we discover they introduce as many release critical bugs
	  as they solve, rinse, repeat. The "wait for a while" part
	  is particularly suboptimal, but without it, it's not really
	  a freeze.

	* boot-floppies needs huge amounts of time to get into a
	  functional state: from November or so 1999 to June 2000 this
	  time, roughly.

	* debian-cd scripts seem to be working great: the "minimal
	  rsync" to update the images between test cycle three and the
	  release seem to be working fine, and the separate non-us CD#1
	  seems like a great idea to me.

	* The autobuilders cope *really* well with most updates. The
	  security team also seem to have perfected getting updates
	  recompiles really quickly on all architectures when it's
	  necessary too. All very impressive.

There's probably lots more good things too, the above is probably
hopelessly biassed towards the bad.

In addition, here's my understanding of goals already being worked on for
woody (and who's working on it, and where to talk about it). Technical
discussion should go to

	* New "testing" distribution
		This is a (mostly finished) project that will allow us
		to test out distribution by making it "sludgey" rather
		than frozen: that is, a new distribution is added between
		stable and unstable, that is regularly and automatically
		updated with new packages from unstable when they've
		had a little testing and now new RC bugs.

		(Anthony Towns; debian-devel)

	* Dinstall Rewrite / Package Pools
		There's a lot of interest in updating dinstall to better
		cope with our archive and the various new ideas we want to
		deal with. A new layout of the archive itself, and a
		new process for packages to enter the archive and become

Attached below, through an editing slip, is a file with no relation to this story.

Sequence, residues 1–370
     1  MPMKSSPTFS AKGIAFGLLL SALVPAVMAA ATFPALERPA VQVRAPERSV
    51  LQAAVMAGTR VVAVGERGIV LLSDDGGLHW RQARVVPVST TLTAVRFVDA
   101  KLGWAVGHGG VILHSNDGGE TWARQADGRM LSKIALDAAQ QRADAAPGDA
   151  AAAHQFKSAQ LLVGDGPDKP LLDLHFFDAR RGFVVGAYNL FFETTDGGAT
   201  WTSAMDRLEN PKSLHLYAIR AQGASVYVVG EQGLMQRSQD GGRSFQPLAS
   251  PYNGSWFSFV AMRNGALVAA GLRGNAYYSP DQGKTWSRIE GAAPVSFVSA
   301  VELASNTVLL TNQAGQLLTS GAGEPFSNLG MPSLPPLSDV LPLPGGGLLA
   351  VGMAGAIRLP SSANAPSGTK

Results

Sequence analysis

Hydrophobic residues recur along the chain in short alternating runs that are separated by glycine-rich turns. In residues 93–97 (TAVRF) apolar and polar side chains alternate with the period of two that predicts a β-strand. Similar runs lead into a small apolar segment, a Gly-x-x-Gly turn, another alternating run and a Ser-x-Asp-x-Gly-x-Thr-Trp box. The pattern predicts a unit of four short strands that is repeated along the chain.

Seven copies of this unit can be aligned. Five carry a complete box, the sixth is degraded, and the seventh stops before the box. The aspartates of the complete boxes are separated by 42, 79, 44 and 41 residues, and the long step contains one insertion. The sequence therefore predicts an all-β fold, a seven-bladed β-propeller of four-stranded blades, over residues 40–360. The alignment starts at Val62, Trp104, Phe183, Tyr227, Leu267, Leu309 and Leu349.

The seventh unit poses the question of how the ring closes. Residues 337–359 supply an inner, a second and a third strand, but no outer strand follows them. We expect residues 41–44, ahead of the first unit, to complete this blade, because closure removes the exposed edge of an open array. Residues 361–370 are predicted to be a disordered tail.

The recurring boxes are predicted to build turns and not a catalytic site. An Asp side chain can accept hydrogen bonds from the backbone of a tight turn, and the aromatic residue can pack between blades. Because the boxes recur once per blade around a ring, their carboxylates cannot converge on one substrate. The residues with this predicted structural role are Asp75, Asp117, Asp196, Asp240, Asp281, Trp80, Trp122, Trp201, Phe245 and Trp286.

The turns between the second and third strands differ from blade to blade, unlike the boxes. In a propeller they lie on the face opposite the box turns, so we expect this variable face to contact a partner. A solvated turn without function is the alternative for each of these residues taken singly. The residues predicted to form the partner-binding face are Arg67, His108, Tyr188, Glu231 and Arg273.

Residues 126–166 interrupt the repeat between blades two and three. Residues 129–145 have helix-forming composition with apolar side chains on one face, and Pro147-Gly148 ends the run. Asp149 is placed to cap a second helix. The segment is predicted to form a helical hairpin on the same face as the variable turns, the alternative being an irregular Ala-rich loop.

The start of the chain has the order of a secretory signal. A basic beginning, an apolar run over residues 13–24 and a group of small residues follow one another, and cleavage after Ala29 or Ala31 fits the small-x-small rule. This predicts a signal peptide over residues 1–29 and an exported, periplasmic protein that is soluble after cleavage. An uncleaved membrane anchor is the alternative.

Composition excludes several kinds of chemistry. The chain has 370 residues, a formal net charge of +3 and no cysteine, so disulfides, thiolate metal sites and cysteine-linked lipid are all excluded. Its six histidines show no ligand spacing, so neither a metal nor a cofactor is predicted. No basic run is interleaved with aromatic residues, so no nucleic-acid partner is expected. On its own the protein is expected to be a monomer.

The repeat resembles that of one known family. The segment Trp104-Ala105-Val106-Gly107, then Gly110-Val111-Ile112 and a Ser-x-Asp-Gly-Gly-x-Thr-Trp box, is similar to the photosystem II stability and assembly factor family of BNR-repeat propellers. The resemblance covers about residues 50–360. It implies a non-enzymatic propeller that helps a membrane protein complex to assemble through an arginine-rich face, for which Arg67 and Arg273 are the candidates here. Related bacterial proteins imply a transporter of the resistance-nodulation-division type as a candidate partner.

members of some of our distributions are probably involved.

		(Anthony Towns, Jason Gunthorpe, Richard Braakman, among
		 others; debian-pool)
	* Debconf Integration
		Most of the debconf infrastructure is now written,
		and it's already in production use with potato. It
		will hopefully be finished, and extended to handle all
		installation I/O.

		(Joey Hess; debian-devel /

	* Automated Installation
		With debconf integration, hopefully we should be able to
		go a little further and support non-interactive installs
		with woody.

		(debian-devel /

	* Apt Frontends
		dselect replacements like console-apt, gnome-apt, and
		aptitude should probably should probably be standard.


	* IPv6 Support
		A continuing goal is more complete support for IPv6. Hopefully
		we can get some of the IPv6 patches available from various
		places mainlined in woody.


	* Modular Install
		The boot-floppies are being redesigned, so as to be
		more modular (and hence not require five disk images
		when you only need a couple of megabytes for your
		particular setup) and hopefully more maintainable.

		(Joey Hess; debian-boot)

This is excluding all the usual improvements to individual packages, of

As a rough guide, and presuming woody is in good shape, we'll consider
freezing again in roughly six months, so think mid-February or so. Note
that this'll require, among other things, completely operational
boot-floppies for all the architectures we'll be releasing.

That's about it. Have fun!

Anthony Towns <> (Acting Release Manager), for
Richard Braakman <> (Debian Release Manager)

[0] ie, one.

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This issue of Debian Weekly News was edited by Joey Hess.